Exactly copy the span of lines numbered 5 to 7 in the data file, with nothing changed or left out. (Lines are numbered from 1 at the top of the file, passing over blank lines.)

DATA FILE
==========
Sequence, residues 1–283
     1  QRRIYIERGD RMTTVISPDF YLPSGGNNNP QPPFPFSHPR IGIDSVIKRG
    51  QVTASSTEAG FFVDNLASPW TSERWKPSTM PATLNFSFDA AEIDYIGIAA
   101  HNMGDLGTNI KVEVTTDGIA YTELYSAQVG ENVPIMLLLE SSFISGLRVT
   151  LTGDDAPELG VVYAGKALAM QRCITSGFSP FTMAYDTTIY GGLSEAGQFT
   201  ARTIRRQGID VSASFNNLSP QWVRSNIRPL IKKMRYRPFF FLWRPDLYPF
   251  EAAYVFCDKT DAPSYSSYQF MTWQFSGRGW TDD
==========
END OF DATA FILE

   151  LTGDDAPELG VVYAGKALAM QRCITSGFSP FTMAYDTTIY GGLSEAGQFT
   201  ARTIRRQGID VSASFNNLSP QWVRSNIRPL IKKMRYRPFF FLWRPDLYPF
   251  EAAYVFCDKT DAPSYSSYQF MTWQFSGRGW TDD